Keywords: Career Concerns; Public Economics; Intergovernmental Transfers
    JEL: H10 H77
    Date: 2010–08
  5. By: Gilbert E. Metcalf; Catherine Wolfram
    Abstract: We analyze how a country's political institutions affect oil production within its borders. We find a pronounced negative relationship between political openness and volatility in oil production, with democratic regimes exhibiting less volatility than more autocratic regimes. This relationship holds across a number of robustness checks including using different measures of political conditions, instrumenting for political conditions and using several measures of production volatility. Political openness also affects other oil market outcomes, including total production as a share of reserves. Our findings have implications both for interpreting the role of institutions in explaining differences in macroeconomic development and for understanding world oil markets.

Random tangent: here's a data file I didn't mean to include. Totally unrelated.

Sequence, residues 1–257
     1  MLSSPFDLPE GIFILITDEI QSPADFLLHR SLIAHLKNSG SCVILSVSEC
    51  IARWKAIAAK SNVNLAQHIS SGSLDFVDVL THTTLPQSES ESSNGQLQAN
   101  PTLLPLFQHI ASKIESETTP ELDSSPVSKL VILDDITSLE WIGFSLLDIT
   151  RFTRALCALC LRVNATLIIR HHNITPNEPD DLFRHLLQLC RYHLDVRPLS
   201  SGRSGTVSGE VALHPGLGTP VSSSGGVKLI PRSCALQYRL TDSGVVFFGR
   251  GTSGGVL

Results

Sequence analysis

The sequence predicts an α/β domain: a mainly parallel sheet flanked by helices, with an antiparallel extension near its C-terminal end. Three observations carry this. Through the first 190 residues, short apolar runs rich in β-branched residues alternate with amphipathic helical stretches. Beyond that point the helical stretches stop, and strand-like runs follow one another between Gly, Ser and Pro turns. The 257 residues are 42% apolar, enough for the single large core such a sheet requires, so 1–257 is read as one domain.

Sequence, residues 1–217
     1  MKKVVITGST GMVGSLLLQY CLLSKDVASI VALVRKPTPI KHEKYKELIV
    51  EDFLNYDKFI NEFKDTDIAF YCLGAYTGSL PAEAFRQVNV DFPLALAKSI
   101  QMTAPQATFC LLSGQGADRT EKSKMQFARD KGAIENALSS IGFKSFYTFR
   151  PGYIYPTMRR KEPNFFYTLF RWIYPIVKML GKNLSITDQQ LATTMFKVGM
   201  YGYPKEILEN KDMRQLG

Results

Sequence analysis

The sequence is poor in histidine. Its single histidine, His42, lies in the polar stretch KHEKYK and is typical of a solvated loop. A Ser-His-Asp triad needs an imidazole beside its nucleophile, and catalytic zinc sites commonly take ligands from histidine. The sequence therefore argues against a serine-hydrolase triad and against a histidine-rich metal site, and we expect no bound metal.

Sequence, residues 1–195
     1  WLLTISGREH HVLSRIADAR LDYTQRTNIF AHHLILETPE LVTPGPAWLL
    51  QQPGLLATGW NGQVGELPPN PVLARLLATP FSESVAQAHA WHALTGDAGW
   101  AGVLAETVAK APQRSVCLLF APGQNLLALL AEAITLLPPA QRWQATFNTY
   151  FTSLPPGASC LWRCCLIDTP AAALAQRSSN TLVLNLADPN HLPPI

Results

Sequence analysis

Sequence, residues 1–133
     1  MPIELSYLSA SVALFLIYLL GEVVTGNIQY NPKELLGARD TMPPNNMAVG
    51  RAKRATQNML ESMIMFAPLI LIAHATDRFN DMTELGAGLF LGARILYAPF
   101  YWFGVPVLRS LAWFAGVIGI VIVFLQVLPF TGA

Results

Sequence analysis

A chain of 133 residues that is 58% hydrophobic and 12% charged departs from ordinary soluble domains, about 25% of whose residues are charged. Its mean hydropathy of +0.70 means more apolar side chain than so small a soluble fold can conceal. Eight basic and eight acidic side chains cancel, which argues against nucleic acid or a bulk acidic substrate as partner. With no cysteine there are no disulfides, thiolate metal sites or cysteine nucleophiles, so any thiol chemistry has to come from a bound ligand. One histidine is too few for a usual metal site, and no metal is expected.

Date: 2010
  6. By: Fernanda Leite Lopez de Leon (School of Economics, University of East Anglia)
    Abstract: This paper investigates the determinants of newspapers' provision for political endorsements. I empirically examine the role of newspapers' political preferences and market competition on newspapers' decision. Regression results suggest that market competition inhibits newspapers from making endorsements. Results from a simple model show that newspapers' ideology determine their endorsements, turning partisan papers more likely to make political recommendations and more likely to endorse challengers than non-partisan newspapers.
    Date: 2010–12–11
  7. By: Shonchoy, Abu S